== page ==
Last Updated on April 22, 2021, 1:35 pm ET
The Library Copyright Alliance filed a response to the U.S. Copyright Office’s Notice of Inquiry on Copyright Protection for Certain Visual Works, focusing largely on the importance of fair use and the detrimental effects of the current lengthy copyright term in the United States.
The response opens by pointing out,
In the past, the difficulty of identifying or locating the owners of the copyrights in visual works was a significant challenge for libraries. Visual works are particularly susceptible to “orphaning” and often there is ambiguity in their copyright ownership. This orphan work problem had a chilling effect on libraries interested in important preservation and archival uses of visual works. It also impeded the use of collections of visual works for teaching and classroom use. Indeed, the orphan work challenge prompted LCA to strongly support enactment of the Shawn Bentley Orphan Works Act in 2008. However, significant changes int he copyright landscape since then convince us that libraries no longer need legislative reform in order to make appropriate uses of “orphaned” visual works in their collections.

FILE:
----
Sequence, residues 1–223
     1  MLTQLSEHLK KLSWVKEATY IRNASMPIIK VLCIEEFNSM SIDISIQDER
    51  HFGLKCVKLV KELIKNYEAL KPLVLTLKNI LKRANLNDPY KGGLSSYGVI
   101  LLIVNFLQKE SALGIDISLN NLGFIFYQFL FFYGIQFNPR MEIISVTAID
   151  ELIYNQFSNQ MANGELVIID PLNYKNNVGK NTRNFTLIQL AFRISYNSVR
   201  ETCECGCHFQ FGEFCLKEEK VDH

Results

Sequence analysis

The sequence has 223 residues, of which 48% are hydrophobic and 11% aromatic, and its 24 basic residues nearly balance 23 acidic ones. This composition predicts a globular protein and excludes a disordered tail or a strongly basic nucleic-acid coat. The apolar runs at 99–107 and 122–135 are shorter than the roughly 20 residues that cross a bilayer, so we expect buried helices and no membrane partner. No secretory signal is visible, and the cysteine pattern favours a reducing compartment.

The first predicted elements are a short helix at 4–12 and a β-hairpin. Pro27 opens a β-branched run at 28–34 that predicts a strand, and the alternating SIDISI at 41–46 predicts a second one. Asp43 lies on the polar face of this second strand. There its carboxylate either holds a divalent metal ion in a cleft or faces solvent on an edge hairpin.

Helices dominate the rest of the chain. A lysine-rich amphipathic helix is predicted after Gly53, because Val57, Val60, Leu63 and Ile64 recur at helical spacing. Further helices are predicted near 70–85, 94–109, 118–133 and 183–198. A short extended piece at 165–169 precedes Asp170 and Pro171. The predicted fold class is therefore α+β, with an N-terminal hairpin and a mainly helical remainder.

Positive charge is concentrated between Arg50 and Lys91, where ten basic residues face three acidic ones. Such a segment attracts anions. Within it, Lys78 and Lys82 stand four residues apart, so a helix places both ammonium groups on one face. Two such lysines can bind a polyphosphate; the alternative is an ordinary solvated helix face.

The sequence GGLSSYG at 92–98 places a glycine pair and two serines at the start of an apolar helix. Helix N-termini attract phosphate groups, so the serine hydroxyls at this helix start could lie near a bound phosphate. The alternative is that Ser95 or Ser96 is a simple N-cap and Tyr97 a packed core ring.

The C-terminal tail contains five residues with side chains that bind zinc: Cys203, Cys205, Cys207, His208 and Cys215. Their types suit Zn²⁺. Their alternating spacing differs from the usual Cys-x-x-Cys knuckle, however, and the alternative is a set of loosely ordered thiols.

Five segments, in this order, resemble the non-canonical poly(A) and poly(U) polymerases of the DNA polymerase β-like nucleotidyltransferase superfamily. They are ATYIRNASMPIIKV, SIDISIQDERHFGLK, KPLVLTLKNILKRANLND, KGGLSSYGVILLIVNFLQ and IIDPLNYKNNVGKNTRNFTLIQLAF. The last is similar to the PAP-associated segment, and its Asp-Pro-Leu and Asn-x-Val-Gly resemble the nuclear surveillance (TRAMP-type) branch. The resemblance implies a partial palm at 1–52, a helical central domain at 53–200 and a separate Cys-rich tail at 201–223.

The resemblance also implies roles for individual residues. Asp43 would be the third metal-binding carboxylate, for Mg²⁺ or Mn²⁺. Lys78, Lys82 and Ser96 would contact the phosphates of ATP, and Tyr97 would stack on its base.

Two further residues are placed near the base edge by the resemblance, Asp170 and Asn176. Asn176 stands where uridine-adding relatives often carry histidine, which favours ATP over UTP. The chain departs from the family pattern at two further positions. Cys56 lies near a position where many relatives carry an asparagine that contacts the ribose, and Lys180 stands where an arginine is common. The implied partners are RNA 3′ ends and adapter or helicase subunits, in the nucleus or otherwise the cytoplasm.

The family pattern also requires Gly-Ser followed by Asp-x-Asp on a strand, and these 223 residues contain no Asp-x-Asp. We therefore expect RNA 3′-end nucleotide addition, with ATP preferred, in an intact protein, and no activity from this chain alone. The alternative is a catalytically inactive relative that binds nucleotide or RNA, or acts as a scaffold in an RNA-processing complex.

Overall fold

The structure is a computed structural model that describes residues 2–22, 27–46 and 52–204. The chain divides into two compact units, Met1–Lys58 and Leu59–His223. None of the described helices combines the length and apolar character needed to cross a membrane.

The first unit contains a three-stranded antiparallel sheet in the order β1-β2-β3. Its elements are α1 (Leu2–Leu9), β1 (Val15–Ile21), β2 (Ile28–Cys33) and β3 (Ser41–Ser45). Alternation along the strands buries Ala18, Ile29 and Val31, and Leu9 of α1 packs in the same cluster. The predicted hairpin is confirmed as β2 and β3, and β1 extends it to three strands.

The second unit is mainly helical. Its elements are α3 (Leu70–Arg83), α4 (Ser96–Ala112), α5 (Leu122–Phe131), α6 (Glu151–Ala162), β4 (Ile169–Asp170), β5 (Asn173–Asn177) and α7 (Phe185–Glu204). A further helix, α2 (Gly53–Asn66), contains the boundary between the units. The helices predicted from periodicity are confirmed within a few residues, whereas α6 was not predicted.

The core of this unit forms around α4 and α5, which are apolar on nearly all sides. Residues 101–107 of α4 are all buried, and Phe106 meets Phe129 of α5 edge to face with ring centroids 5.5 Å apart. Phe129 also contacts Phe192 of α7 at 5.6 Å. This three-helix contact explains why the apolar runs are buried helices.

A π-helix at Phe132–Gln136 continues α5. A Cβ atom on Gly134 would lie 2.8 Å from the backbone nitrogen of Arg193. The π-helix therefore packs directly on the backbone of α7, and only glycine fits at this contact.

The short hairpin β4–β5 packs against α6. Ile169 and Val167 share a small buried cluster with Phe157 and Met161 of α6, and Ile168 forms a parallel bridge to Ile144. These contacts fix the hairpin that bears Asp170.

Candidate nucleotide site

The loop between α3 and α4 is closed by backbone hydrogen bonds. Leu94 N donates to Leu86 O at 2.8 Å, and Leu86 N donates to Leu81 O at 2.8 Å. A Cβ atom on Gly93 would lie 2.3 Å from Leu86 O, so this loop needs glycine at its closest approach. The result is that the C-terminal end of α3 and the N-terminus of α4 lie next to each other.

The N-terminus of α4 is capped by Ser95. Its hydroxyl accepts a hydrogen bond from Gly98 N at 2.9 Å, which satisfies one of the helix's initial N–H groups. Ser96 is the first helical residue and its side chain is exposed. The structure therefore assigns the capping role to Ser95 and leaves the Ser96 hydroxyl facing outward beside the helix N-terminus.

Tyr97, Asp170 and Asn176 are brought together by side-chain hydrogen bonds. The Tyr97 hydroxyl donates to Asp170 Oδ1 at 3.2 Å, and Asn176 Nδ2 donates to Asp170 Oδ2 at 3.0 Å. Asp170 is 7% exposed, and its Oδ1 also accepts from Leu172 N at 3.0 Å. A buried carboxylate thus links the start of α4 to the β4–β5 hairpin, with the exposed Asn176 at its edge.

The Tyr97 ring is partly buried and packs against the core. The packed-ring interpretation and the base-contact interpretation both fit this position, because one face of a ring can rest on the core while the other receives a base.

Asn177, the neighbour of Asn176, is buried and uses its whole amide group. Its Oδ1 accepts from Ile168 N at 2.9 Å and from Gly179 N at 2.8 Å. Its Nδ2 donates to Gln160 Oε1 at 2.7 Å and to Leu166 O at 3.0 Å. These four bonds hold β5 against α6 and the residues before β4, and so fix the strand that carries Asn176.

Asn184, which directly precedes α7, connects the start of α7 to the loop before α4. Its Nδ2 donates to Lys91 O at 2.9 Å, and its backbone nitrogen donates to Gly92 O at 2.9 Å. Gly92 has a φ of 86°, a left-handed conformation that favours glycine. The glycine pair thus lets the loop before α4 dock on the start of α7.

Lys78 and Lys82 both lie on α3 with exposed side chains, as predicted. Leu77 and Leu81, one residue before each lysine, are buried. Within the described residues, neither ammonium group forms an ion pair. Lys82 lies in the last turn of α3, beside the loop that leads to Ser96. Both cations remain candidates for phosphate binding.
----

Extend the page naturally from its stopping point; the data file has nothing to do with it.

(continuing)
The response then discusses the changed landscape, explaining that fair use is less uncertain today with a number of cases that have clarified the scope of this important doctrine. Additionally, codes of best practices have guided the use of digitization and making available of special collections and archives, including for orphan works.The fact that injunctions are less likely and mass digitization is more common also promote greater comfort in using orphan works.
The statement then notes that the orphan works problem is largely a result of the current copyright term in the United States that “is already unacceptably long, limiting access to visual works that should be in the public domain.” While not discussed in this response, it is worth noting that what is being called the last round of negotiations for the Trans-Pacific Partnership Agreement (TPP), a large regional trade agreement in the Asia-Pacific region that currently has twelve negotiating parties, copyright term will be an issue for discussion. Leaked text has revealed efforts by the United States to push for all parties to the TPP to adopt the lengthy term of life of the author plus 70 years, despite opposition to the imposition of copyright term extension.
The Copyright Office has extended its comment deadline to October 1, so there is still time to submit a response to the notice of inquiry.